Report charts how Pacific Northwest may be influenced

By MATTHEW WEAVER

Capital Press

Some Washington state farmers could face changes in how they operate if climate change predictions are accurate, a new report says.

The Washington Department of Ecology recently released a report on its climate change response strategy.

Chad Kruger, director of Washington State University's Center for Sustaining Agriculture and Natural Resources, said the Pacific Northwest appears to be in good shape compared to other regions, but there will still be severe impacts in some locations.

"These kinds of things that good producers would be wanting to invest in anyway, climate is essentially going to intensify the need to do that," he said.

Report author Hedia Adelsman, executive policy advisor for the director's office for the department, said many options in the report are considered "no-regret strategies" even if climate change doesn't materialize to the level predicted.

The report encourages increased grower involvement, but Adelsman doesn't foresee more regulations on farmers.

"I think we have all the regulations already (that) we need," she said. "A lot of organizations are working to provide the farmer the tools he or she could use."

Report findings include:

* The Yakima Basin reservoir system will be less able to supply water to all users, especially newer water rights holders.

* Average apple and cherry yields are likely to decline 20 to 25 percent by the 2020s for newer water rights holders due to lack of irrigation water.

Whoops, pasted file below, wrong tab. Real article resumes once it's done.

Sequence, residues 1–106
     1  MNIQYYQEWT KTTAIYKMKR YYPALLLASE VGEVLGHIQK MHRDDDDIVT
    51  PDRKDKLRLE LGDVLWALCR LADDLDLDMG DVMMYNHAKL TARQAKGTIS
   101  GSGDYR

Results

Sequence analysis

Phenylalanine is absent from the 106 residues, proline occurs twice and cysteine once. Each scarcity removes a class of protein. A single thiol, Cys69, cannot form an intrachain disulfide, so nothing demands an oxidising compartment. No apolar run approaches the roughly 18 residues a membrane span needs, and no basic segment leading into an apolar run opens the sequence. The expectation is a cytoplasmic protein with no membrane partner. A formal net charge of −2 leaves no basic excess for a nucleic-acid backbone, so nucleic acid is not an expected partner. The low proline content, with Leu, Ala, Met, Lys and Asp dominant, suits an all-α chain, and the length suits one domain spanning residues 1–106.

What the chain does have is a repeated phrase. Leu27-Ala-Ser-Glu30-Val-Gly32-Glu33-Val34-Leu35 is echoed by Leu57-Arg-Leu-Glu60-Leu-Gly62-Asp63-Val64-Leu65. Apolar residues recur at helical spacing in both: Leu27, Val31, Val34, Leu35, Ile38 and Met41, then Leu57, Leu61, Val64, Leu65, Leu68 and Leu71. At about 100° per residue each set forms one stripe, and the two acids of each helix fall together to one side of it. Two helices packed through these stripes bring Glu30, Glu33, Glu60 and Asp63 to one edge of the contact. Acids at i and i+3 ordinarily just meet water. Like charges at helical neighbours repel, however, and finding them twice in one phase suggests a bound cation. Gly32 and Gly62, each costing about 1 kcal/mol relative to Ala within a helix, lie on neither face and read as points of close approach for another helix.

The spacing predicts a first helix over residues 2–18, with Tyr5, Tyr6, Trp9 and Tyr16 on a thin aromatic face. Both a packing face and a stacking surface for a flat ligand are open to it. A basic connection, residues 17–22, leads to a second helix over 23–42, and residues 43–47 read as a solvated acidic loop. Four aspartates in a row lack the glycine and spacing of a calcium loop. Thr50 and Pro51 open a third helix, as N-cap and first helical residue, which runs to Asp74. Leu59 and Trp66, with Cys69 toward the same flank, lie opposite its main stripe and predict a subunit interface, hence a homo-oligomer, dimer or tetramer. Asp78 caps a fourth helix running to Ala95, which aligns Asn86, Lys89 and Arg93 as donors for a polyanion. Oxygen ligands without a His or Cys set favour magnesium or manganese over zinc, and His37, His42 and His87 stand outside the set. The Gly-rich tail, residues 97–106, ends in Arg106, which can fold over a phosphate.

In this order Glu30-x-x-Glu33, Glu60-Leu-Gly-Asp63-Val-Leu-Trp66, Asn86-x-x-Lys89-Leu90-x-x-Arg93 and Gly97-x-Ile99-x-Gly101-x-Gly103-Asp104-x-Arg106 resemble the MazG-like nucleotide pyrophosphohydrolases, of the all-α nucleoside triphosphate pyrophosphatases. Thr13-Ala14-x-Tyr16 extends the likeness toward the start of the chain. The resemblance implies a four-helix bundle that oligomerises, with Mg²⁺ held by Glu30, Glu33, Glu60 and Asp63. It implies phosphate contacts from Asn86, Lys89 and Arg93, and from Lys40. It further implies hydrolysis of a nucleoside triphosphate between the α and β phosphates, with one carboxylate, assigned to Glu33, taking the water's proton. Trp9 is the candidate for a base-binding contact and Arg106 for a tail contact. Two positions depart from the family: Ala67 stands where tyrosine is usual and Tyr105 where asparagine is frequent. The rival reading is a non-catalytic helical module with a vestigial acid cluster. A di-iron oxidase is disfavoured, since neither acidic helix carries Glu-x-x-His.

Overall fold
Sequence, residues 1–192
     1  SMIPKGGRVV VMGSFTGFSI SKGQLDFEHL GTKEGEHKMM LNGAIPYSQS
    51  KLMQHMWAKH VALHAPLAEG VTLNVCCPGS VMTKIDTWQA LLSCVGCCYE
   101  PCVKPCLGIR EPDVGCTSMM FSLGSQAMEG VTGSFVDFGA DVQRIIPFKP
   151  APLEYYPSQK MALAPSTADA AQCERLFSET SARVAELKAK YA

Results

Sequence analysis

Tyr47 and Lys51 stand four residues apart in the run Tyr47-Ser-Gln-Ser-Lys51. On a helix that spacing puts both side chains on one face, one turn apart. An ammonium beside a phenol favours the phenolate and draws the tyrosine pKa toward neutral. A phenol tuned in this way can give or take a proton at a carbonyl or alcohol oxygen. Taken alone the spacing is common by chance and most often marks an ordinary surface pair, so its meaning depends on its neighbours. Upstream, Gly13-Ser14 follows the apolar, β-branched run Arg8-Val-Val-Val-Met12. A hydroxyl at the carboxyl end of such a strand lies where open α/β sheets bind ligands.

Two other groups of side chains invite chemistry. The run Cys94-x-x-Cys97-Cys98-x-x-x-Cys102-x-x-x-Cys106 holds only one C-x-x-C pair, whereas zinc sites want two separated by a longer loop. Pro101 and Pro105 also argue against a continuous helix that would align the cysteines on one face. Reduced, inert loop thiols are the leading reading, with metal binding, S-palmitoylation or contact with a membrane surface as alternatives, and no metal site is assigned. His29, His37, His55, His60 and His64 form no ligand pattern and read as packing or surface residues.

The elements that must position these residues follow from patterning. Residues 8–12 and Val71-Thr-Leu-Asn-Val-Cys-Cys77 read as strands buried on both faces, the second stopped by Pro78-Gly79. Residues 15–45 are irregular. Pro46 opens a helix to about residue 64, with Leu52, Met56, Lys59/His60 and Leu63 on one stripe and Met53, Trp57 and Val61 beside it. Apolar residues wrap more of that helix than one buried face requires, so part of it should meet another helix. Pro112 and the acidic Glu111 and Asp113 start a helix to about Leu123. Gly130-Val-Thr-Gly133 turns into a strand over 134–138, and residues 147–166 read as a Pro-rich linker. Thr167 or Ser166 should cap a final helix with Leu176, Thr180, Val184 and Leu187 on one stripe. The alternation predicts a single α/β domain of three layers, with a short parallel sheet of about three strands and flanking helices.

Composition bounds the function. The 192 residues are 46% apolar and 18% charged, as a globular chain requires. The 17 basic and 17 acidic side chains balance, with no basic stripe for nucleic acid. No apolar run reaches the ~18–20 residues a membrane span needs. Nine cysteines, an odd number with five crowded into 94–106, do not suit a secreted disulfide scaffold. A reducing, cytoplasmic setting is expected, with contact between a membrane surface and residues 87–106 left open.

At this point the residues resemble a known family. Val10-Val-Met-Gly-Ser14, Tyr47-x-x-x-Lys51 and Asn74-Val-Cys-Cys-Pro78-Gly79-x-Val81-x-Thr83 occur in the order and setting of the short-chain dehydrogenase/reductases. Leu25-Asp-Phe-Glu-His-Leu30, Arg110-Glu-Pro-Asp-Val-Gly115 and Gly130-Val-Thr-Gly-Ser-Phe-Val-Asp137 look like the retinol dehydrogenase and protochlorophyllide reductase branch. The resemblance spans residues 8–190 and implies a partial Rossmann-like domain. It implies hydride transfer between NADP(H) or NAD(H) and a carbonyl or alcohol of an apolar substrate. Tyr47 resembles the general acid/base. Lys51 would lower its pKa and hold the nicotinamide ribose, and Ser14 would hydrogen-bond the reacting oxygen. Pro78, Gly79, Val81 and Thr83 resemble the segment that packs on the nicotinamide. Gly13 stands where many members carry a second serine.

* Low-lying agricultural areas such as the Skagit River delta could be at higher risk of flooding as sea levels rise.

* Livestock heat stress and mortality will likely increase as temperatures rise.

* Higher temperatures will allow invasive weeds and pests not previously seen in Washington to expand their ranges.

* The negative effects of hotter summers will outweigh the benefits of warmer winters for agricultural production.

Among the recommended actions for farmers are:

* Develop and enhance emergency response plans to manage significant pest outbreaks.

* Select crop varieties capable of adapting to predicted changes.

* Modify livestock facilities to reduce heat stress and limit enclosure during hot weather.

The state departments of Agriculture, Commerce, Fish and Wildlife, Health, Natural Resources and Transportation collaborated on the report.

Online

http://www.ecy.wa.gov/climatechange/ipa_responsestrategy.htm

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